Serbia VS Kosovo: The Border Games

Trump, Trump, and more Trump. People around the world are watching US politics with their mouth open as they witness the newly inaugurated president continuing his “fun” adventures. The Trump effect is in full force as the relationships he is building with Russia, China and Israel among others, are shaking the international system. New president, different approach. To some extent what is happening is normal. However, to some countries, what Trump does is abnormal and not a matter of politics only. What might seem like fun and games to some is a matter of life and death to others. So who is on which side of the sword?

Kosovo is a newly created state. Found in February 2008 with Pristina as a capital, Kosovo was born amidst a very intense and pressured situation. Declaring independence from Serbia, a country that not long ago was a regional superpower known under the name of Yugoslavia, Kosovo was to deal with an unforgiving enemy. As a result of several wars during the 1990s and 2000s, Yugoslavia was dissolved on several occasions forming many countries including Croatia, Bosnia, Montenegro, Slovenia, Macedonia, and most recently Kosovo. All of these states were created through “blood and iron”. The dissolution of the Balkan giant was not easy for anyone in the region, but mostly, to the proud Serbs who have enjoyed some type of supremacy in the last decades.

So where does Trump come into all of this you may ask. The story starts in the 90s, when a man named Bill Clinton unleashed the wrath of American “democracy” upon both civilian and military positions across the Balkans, the main target of which was Beograd, the Capital of Serbia. The ruins left of those days can still be seen in the center of the city.

Pedestrians cross a street in Belgrade on March 10, 2014, near the former federal military headquarters destroyed during the 1999 NATO air campaign against Yugoslavia. ISAKOVIC/AFP/Getty Images)
Pedestrians cross a street in Belgrade on March 10, 2014, near the former federal military headquarters destroyed during the 1999 NATO air campaign against Yugoslavia. ISAKOVIC/AFP/Getty Images)

The result of the war was devastating for Serbia not only in the amounts of casualties, but also in territories lost. The newly established borders were very fragile, and having the US as a guarantee for them was crucial for the newly formed states. The guaranty was granted, and even though slowly, the patriotic and nationalistic spirits in the Balkans were slowly fading away. Not for Serbia. The war ended, but never for Serbia. The divisions continued in the 00s, climaxing in Kosovo’s declaration of independence in 2008. In some sense, this was the cherry on top. It was too much for the proud Serbian nation. Losing vast territories from an already cut up state was by no means “OK” for both Serbian officials and citizens. Despite the huge insurgencies and denial, the US-backed Kosovo was recognized as a state, and Serbia was left with nothing to do in the face of a supreme power that not long ago bombed the very streets of Beograd. It was a dead end again for Serbia.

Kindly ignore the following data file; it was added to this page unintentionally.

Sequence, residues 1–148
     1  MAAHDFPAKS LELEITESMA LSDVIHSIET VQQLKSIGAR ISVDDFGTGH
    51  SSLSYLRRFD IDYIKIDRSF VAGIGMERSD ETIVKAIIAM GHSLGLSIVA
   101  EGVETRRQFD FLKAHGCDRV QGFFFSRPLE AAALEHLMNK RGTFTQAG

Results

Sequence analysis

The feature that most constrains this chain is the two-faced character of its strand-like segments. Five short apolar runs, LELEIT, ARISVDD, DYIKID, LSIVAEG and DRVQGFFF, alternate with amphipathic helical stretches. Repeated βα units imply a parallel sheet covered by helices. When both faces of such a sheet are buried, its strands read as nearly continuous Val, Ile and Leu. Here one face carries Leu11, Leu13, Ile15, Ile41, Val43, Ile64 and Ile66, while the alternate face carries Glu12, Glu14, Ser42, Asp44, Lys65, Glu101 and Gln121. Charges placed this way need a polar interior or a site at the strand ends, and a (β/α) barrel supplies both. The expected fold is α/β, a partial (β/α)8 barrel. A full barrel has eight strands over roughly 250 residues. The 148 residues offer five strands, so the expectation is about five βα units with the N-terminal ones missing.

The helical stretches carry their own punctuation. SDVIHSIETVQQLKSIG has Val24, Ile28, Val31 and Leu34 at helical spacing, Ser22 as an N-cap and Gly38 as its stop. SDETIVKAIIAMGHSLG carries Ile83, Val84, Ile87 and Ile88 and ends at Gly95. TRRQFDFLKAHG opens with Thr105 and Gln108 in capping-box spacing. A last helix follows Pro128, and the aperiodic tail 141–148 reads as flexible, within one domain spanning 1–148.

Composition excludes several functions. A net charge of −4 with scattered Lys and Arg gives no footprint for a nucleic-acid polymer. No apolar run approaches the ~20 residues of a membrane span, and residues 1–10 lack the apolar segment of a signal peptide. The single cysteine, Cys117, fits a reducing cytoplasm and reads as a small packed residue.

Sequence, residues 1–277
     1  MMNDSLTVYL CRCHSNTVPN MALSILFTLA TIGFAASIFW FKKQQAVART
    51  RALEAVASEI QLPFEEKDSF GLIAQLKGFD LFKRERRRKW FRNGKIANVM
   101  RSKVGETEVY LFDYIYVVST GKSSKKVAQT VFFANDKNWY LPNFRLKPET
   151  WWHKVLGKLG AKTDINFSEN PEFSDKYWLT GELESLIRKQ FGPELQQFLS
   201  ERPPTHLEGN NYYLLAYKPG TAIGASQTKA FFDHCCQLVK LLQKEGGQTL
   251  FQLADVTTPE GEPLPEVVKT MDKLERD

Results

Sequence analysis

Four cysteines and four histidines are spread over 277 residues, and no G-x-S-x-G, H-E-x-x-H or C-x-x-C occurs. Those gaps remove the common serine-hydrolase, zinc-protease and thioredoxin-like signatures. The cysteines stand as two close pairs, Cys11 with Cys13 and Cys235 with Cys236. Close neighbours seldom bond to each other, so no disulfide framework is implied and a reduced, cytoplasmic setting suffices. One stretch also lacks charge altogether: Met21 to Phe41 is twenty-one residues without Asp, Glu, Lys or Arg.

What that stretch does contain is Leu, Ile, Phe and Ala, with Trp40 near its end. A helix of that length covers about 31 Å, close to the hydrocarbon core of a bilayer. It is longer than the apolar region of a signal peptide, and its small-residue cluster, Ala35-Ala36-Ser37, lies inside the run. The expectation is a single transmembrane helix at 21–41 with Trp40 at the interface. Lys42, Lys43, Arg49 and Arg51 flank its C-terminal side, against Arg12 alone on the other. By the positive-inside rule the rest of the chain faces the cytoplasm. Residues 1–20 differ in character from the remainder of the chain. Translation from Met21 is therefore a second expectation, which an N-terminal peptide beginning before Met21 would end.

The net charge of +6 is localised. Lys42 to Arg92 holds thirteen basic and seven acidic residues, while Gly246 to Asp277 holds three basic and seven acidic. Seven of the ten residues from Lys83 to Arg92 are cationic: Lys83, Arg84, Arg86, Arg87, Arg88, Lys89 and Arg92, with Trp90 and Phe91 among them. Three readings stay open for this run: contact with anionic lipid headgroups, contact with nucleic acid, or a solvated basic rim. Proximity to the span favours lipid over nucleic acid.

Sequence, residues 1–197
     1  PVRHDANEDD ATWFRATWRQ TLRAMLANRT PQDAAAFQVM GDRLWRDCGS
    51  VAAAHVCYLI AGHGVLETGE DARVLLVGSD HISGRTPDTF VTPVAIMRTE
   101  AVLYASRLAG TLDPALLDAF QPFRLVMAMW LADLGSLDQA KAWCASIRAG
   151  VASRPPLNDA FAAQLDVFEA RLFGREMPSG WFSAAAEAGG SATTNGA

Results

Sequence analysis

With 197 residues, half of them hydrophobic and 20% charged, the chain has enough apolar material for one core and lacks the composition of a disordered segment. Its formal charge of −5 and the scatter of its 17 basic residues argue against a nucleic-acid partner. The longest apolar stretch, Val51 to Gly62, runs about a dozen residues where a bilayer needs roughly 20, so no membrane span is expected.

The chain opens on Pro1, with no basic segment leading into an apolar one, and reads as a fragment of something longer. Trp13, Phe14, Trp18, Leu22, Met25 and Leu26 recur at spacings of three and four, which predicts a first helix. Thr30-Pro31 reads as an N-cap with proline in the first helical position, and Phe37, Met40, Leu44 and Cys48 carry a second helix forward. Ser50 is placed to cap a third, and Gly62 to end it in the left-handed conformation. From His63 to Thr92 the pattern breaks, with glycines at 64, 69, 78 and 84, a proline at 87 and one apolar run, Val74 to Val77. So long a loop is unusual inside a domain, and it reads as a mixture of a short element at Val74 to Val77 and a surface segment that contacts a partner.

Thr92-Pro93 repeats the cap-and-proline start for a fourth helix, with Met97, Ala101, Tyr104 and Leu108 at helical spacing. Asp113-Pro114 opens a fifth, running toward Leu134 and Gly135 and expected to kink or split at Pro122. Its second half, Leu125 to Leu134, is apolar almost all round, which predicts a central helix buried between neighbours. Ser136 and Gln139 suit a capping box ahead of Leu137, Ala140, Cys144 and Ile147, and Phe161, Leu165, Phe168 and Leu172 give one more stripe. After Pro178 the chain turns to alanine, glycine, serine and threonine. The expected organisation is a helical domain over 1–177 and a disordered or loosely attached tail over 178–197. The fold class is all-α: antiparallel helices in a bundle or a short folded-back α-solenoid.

Fast forward to November 2016. A new face is running against an old one. For the Serbians it was an obvious choice. The newly appeared phenomenon of American elections cannot possibly be worse than having a second Clinton (Hillary) as a president. All of Serbia’s nationalists supported Trump as if he was their own hero, including officials like the President Tomislav Nikolic cheered for Trump. However the reason behind this support for Trump is not based purely on hatred for the Clintons, and assuming that would be wrong.

The key to this mystery lies in Trump’s foreign policy, or at least what he claims it is going to be like. Kosovo’s very existence depends on the USA and the defensive role it plays in “scaring” Serbia away. With Trump’s continuous talk of how states should “learn to take care of themselves” and how he is going to cut down on involvement of the US around the world, Serbia is starting to see an opportunity.

The train that had a print in different languages the phrase "Kosovo is Serbia" Image rights of www.vijesti.ba
The train that had a print in different languages the phrase “Kosovo is Serbia”
Image rights of www.vijesti.ba

The evidence to that is already at hand. A Serbian train, painted with the words “Kosovo je Srbija” (Kosovo is Serbia) written all over it in different languages, is indeed a clear statement. The train headed to Kosovo was fortunately stopped before any direct confrontation. However, the problem is not solved. The tension is rising between the two sides as both Pristina and Beograd are shooting allegations of all types at each other. To add to everything, Croatia and Bosnia, two countries that were also involved in war with Serbia, condemned the Serbian action by reminding the international community of Serbia’s past.

So is Serbia to blame for the rising tensions? The answer is no. Despite the negative view in the West of Serbia, which is mainly due to the Balkan wars and the American involvement in the region, the responsibility does not lay in some ignorant and out fashioned nationalistic sentiment within the Serbs. On the contrary, all polls prove that the Serbian nation is in no way ready or willing to wage another war. It seems like the once hailed concept of “self-determination in Europe” is the answer here. This concept appears often in European history and maybe this case is not an exception. Sometimes defining borders with accordance to ethnicity might save many lives. Kosovo has Serbian populated lands, while Serbia has Kosovar populated lands. Obviously, changing borders and exchanging territory is not this simple, but looking back on the history of the region, it seems like there will be no rest until this issue is resolved.

Sami Meziad


Featured image rights of Filmaid.org

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